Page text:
Even though today is Pi day, Google shockingly did not change its logo into some kind of clever graphic featuring this famous neverending number. In any case, here in the Tor.com rocket, we feel like Pi isn’t the only science and math icon that deserves its own holiday.

Last year, we asked all of you out on Facebook and Twitter about your early experiences with the wonders of science and math and which numbers, concepts, equations and notions first got you hooked. Here’s a sampling of what you said.

**Möbius strip (or Möbius Band)**

You can create this mind-boggling mathematical surface using a simple piece of paper twisted in either one direction or another. Famously non-orientable, the Möbius strip represents a multitude of oddities. For example: if you draw line down the center of a Möbius strip the line will meet its starting point on the other side. If such a line is continued however, it will be double the length of the Möbius strip. As were sure Arthur C. Clarke would agree, math sure seems like magic sometimes.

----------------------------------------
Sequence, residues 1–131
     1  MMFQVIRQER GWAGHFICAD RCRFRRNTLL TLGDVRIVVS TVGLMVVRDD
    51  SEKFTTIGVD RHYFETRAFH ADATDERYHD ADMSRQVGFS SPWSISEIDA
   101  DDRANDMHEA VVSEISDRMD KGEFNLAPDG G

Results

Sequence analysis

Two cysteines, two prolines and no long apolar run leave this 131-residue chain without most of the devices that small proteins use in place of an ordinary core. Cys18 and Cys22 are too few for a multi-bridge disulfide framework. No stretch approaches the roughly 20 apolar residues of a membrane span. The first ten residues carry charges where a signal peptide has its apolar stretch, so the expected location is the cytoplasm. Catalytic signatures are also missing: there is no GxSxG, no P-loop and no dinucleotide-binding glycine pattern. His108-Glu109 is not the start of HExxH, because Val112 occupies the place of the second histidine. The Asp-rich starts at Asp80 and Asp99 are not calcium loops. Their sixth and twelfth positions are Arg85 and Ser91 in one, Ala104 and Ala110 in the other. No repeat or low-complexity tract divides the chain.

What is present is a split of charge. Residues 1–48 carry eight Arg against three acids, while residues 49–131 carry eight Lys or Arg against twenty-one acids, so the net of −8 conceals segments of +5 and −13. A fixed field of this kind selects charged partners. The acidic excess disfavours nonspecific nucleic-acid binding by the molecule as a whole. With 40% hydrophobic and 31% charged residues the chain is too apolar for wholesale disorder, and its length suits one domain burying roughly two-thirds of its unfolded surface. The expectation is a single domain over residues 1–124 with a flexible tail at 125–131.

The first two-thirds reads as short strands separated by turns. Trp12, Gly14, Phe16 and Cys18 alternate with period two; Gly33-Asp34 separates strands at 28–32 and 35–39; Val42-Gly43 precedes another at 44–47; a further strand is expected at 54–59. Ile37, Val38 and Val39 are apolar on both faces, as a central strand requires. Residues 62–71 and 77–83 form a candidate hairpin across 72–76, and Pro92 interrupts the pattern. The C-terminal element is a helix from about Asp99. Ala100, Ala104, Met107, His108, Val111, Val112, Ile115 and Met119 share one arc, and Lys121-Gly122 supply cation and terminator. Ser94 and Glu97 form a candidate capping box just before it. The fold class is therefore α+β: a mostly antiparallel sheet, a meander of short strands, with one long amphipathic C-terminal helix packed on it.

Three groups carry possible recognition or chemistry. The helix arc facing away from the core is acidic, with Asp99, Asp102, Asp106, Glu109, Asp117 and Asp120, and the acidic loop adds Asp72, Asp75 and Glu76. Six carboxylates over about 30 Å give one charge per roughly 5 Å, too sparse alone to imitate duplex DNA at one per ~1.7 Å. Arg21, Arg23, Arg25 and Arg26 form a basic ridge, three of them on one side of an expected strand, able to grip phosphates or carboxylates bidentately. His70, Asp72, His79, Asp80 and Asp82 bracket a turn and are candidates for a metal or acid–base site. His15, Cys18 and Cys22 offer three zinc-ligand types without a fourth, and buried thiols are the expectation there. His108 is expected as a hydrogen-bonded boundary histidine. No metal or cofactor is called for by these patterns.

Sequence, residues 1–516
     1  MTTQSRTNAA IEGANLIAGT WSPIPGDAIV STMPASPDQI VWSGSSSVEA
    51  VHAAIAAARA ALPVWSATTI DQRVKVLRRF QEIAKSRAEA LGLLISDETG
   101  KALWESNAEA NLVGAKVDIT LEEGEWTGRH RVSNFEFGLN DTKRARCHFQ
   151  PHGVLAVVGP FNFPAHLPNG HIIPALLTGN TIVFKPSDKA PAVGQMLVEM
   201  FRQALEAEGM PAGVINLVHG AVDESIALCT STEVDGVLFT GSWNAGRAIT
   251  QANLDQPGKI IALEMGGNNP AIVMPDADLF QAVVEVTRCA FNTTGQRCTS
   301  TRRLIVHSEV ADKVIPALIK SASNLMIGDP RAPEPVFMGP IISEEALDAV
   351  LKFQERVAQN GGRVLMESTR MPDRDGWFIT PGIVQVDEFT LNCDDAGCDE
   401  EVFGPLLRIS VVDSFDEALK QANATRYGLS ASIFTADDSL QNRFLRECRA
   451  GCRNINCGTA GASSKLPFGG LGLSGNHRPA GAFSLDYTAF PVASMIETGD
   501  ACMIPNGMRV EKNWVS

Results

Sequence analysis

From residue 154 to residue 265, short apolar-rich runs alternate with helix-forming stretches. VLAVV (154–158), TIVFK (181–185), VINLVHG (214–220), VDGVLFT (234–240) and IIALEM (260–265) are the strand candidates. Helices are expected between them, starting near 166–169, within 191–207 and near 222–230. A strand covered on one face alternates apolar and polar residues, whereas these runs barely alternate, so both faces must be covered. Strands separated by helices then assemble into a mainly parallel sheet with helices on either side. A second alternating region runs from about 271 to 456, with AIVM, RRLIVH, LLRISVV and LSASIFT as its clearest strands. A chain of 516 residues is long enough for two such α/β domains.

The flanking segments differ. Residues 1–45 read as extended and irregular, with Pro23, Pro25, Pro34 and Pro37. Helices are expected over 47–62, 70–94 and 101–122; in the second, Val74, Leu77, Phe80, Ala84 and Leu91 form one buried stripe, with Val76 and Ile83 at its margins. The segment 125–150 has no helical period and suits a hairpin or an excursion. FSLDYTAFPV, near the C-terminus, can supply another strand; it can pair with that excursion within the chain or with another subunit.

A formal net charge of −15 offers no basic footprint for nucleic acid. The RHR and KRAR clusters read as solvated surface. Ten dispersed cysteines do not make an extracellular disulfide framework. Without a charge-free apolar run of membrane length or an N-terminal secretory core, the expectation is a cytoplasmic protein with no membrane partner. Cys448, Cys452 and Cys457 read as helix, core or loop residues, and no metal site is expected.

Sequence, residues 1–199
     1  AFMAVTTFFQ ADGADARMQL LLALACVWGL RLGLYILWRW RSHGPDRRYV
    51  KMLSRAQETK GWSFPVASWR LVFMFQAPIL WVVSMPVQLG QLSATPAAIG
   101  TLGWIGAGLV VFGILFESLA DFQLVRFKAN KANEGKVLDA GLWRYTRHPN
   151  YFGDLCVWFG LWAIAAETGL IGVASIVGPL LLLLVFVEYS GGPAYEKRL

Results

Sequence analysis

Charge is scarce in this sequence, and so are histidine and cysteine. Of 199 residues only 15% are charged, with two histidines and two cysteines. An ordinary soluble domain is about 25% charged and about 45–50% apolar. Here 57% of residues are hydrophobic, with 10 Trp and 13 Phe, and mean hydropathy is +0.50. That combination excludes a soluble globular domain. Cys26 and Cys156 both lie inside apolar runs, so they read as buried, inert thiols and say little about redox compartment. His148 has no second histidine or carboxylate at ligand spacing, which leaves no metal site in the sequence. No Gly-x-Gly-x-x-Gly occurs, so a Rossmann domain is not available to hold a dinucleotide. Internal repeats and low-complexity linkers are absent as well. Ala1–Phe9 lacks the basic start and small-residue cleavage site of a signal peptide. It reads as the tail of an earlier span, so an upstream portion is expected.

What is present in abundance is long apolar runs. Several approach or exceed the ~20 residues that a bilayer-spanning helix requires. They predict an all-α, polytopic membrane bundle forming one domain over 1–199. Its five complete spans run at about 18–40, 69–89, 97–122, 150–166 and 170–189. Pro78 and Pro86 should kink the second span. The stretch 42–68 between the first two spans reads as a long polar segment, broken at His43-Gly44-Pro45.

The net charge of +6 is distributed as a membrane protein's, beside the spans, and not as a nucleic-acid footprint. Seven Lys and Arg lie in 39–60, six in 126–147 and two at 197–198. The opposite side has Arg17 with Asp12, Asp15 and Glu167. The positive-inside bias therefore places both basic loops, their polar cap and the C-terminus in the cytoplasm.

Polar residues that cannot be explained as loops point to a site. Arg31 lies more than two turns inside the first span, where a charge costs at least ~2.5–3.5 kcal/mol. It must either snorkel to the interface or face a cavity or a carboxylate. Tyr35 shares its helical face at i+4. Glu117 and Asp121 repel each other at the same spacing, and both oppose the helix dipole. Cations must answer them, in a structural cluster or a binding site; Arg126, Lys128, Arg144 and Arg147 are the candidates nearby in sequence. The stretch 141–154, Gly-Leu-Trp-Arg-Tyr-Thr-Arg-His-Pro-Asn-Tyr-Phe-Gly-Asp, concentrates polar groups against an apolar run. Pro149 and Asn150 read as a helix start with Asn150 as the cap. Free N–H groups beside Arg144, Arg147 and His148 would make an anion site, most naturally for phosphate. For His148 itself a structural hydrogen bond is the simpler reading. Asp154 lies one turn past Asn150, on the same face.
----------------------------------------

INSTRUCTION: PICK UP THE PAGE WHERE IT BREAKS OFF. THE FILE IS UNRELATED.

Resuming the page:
**Fibonacci Number and Fibonacci sequence**

Each subsequent number in a Fibonacci sequence is the sum of the previous two. Apparently this mathematical concept can be used to not only predict financial trends, but also reproductive cycles of animals like rabbits. We’re not going to lie here, we’re pretty sure our Tor.com readers understand this one better than us. We just fly the rocket ship here. You guys are the fuel.

**The Tesseract**

Here’s one we understand. The shortest distance between two points is a straight line, right? Wrong. When you’ve got a tesseract, which is essentially what a cube is to a square, you can travel between points in the 4th dimension. Naturally, the particular application of this is time travel, assuming you’re so much of a layperson that you don’t understand that space-time is basically the same thing. That’s right, isn’t it? Here’s a video from Carl Sagan which we think helps.

**Mass-Energy Equivalence (E=mc²)**

Okay. So E is energy and M is mass. C is the speed of light in a vacuum. Anyway, some guy you’ve probably heard of figured this one out and used it to describe the relativistic relationship between pretty much everything. Here’s another great video on the subject (mainly because of the accent. It’s glorious):

Any other takers in our game of odds and evens? What else would you like to celebrate alongside our good friend Pi?

*This post originally appeared on the site on Pi day, 2011.*

Stubby the Rocket is the mascot and voice of the Tor.com staff, and enjoys Pi in the sky whenever possible.

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